Ivory Coast Gets $50 Millon World Bank Poverty, Business Climate Funding

Ivory Coast Gets $50 Millon World Bank Poverty, Business Climate Funding

Improvements made to position Côte d’Ivoire’s government as more transparent — and their business climate as sunny — the World Bank’s International Development Association has approved a $50 million credit, Newstime Africa reported.

By 2020, the country hopes to join the ranks of other emerging markets with the backing of newly created jobs, reduced poverty figures and private sector expansion. Under the World Bank’s allocation, the three phases of the Poverty Reduction Support Credit (PRSC) series will be funded.

“Despite recent periods of instability, Côte d’Ivoire still possesses considerable endowments of human capital, natural resources, and infrastructure,” Madani M. Tall, Côte d’Ivoire’s World Bank Country Director said in the report.

“We welcome the opportunity to support the Government’s plans to implement today’s programs, which will boost household incomes and food security, and help improve livelihoods of the country’s poorest people,” he said.

According to Newstime Africa, Budget accountability and government and public official transparency is the focus of the initial PRSC phase. Improved investment confidence through a positive business climate will be worked out the second phase while commodity industry growth and increased economic opportunities will be handled in phase three.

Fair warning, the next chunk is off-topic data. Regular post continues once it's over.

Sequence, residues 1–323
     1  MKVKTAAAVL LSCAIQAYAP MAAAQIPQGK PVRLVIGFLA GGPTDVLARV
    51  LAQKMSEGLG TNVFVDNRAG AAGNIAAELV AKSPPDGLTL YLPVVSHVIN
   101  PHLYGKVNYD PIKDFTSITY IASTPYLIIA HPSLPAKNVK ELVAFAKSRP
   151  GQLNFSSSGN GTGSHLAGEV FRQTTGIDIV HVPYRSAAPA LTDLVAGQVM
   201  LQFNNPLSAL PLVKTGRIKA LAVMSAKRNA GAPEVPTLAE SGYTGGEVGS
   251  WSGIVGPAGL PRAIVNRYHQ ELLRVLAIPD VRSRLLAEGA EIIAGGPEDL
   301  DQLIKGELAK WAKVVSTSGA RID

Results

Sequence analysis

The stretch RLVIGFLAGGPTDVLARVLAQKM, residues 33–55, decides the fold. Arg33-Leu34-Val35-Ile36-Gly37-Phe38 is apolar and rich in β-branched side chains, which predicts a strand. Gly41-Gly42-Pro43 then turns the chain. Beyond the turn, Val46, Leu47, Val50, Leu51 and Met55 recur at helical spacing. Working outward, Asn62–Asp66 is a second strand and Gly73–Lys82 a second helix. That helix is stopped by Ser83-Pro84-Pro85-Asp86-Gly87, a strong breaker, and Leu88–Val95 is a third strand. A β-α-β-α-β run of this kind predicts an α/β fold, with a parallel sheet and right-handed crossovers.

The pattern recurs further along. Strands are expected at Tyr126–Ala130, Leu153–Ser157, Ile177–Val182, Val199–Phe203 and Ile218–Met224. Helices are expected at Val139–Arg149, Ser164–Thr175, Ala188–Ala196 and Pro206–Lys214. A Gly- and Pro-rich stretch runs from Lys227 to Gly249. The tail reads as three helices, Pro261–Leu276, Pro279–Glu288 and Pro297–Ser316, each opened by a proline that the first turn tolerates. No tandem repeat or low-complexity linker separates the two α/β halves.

“The new framework for the agricultural sectors should have a direct positive impact on the household incomes of many poor farmers, especially cocoa farmers who account for about 28 percent of poor Ivoirians,”  World Bank task team project leader Volker Treichel added. “I look forward to supporting the Government as it implements this important policy program.”

Côte d’Ivoire has already put into effect new policies that will be better enforced with the push of the PRSC series. Reforms including an Anti-Corruption Law, the trade dispute administering Commercial Court and energy subsidies for the poor are to tie in with PRSC’s initiatives.

“Improving the performance and productivity of Cote d’Ivoire’s government, business and agricultural sectors are vital for broad-based growth, more jobs, investment, and substantially less poverty,” said Marcelo Giugale, World Bank director of economic policy and poverty.  “The PRSC series supports a balanced reform program designed to uplift Cote d’Ivoire’s economy and improve overall governance for its institutions.”